Phenomenal conservatism, classical foundationalism, and internalist justification

Philosophical Studies 162 (2):119-141 (2013)
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Abstract

In “Compassionate Phenomenal Conservatism” (2007), “Phenomenal Conservatism and the Internalist Intuition” (2006), and Skepticism and the Veil of Perception (2001), Michael Huemer endorses the principle of phenomenal conservatism, according to which appearances or seemings constitute a fundamental source of (defeasible) justification for belief. He claims that those who deny phenomenal conservatism, including classical foundationalists, are in a self-defeating position, for their views cannot be both true and justified; that classical foundationalists have difficulty accommodating false introspective beliefs; and that phenomenal conservatism is most faithful to the central internalist intuition. I argue that Huemer’s self-defeat argument fails, that classical foundationalism is able to accommodate fallible introspective beliefs, and that classical foundationalism captures a relatively clear internalist intuition. I also show that the motivation for phenomenal conservatism is less than clear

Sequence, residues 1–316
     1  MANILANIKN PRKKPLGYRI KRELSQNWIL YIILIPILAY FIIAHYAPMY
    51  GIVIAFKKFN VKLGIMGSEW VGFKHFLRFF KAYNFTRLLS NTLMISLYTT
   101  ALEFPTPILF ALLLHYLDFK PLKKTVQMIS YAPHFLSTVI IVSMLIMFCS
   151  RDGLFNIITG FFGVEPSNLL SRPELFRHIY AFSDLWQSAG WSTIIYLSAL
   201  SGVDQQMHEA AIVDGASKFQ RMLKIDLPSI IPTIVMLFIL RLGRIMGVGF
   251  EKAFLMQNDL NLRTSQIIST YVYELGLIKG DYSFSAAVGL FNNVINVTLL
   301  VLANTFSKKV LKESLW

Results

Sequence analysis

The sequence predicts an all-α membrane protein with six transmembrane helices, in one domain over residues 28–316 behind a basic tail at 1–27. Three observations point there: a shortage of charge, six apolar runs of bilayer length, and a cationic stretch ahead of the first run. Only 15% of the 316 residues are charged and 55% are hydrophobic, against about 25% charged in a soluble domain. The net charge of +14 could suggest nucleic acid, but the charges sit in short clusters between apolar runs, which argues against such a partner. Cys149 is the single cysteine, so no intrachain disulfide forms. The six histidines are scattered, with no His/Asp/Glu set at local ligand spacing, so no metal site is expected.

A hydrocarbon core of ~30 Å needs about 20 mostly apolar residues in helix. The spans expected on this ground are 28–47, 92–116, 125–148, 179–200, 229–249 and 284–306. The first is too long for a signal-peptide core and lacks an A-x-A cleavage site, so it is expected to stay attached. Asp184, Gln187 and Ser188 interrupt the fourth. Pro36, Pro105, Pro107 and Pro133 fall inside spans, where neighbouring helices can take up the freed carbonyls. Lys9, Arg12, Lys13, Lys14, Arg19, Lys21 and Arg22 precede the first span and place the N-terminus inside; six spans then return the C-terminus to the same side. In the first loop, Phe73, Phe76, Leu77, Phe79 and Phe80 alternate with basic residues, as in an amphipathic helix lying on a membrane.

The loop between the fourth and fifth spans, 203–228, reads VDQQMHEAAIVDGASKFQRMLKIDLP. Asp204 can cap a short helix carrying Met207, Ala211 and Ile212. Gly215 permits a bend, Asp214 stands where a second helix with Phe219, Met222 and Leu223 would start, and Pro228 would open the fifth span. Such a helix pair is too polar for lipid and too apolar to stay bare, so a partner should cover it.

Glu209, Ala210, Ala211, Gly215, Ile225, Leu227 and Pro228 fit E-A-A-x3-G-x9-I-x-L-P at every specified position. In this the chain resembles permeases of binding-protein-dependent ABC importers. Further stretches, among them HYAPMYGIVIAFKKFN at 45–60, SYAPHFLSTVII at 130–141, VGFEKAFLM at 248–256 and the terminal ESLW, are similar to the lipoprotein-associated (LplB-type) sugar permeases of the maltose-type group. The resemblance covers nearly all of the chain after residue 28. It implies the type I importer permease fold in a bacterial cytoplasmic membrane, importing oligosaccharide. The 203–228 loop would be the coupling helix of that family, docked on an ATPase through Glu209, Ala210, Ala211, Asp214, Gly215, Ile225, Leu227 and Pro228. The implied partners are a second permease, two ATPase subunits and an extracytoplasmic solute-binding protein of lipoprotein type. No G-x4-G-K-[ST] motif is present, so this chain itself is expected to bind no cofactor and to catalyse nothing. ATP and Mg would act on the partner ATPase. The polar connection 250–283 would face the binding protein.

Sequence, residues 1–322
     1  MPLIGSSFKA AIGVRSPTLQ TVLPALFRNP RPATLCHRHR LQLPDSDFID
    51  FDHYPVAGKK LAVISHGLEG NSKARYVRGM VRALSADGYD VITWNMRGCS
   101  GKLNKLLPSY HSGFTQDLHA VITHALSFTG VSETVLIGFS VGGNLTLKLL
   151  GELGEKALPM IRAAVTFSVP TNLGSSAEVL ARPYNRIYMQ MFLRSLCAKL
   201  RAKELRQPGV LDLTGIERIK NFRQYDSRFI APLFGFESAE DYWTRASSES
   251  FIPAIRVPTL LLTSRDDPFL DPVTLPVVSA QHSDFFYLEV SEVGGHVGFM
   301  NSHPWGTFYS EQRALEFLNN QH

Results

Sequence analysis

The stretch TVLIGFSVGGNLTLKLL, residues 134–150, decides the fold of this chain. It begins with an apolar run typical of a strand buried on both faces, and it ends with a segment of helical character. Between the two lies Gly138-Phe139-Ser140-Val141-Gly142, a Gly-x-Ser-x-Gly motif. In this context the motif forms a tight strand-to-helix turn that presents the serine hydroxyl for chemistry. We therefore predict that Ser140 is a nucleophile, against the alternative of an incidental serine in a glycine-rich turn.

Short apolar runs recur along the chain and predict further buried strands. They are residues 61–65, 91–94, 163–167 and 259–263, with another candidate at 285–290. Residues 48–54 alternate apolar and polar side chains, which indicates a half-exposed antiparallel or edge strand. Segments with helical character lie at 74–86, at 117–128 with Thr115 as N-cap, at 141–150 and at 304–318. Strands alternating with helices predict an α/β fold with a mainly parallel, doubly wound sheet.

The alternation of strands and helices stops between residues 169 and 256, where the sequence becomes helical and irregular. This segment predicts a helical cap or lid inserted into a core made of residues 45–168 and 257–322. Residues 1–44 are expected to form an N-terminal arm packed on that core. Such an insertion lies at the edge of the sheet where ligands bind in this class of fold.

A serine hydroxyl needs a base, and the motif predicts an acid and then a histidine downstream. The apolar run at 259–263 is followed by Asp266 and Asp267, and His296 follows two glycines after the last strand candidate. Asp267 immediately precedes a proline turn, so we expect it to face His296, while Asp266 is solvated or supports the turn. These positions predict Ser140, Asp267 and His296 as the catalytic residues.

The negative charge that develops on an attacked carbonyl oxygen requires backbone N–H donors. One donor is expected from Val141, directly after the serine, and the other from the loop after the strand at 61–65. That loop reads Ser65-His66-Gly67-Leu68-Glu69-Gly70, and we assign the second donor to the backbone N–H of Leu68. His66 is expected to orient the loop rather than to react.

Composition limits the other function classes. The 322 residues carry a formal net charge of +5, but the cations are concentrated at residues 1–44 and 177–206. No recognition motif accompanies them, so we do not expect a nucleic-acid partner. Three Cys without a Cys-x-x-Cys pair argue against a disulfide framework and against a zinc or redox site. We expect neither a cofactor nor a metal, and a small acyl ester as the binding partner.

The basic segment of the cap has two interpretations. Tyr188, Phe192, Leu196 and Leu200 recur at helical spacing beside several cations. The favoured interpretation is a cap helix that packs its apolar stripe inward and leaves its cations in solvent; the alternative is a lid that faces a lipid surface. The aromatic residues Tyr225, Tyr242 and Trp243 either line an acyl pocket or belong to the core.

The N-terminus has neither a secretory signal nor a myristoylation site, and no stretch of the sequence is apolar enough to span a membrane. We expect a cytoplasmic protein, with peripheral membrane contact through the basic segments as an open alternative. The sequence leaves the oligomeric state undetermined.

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Ali Hasan
University of Iowa

Citations of this work

Acquaintance.Matt Duncan - 2021 - Philosophy Compass 16 (3):e12727.
Introspective acquaintance: An integration account.Anna Giustina - 2023 - European Journal of Philosophy 31 (2):380-397.
Phenomenal Conservatism.Luca Moretti - 2015 - Analysis 75 (2):296-309.

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References found in this work

The structure of empirical knowledge.Laurence BonJour - 1985 - Cambridge: Harvard University Press.
Skepticism and the Veil of Perception.Michael Huemer (ed.) - 2001 - Lanham: Rowman & Littlefield.
The content and epistemology of phenomenal belief.David Chalmers - 2002 - In Aleksandar Jokic & Quentin Smith (eds.), Consciousness: New Philosophical Perspectives. New York: Oxford University Press. pp. 220--72.

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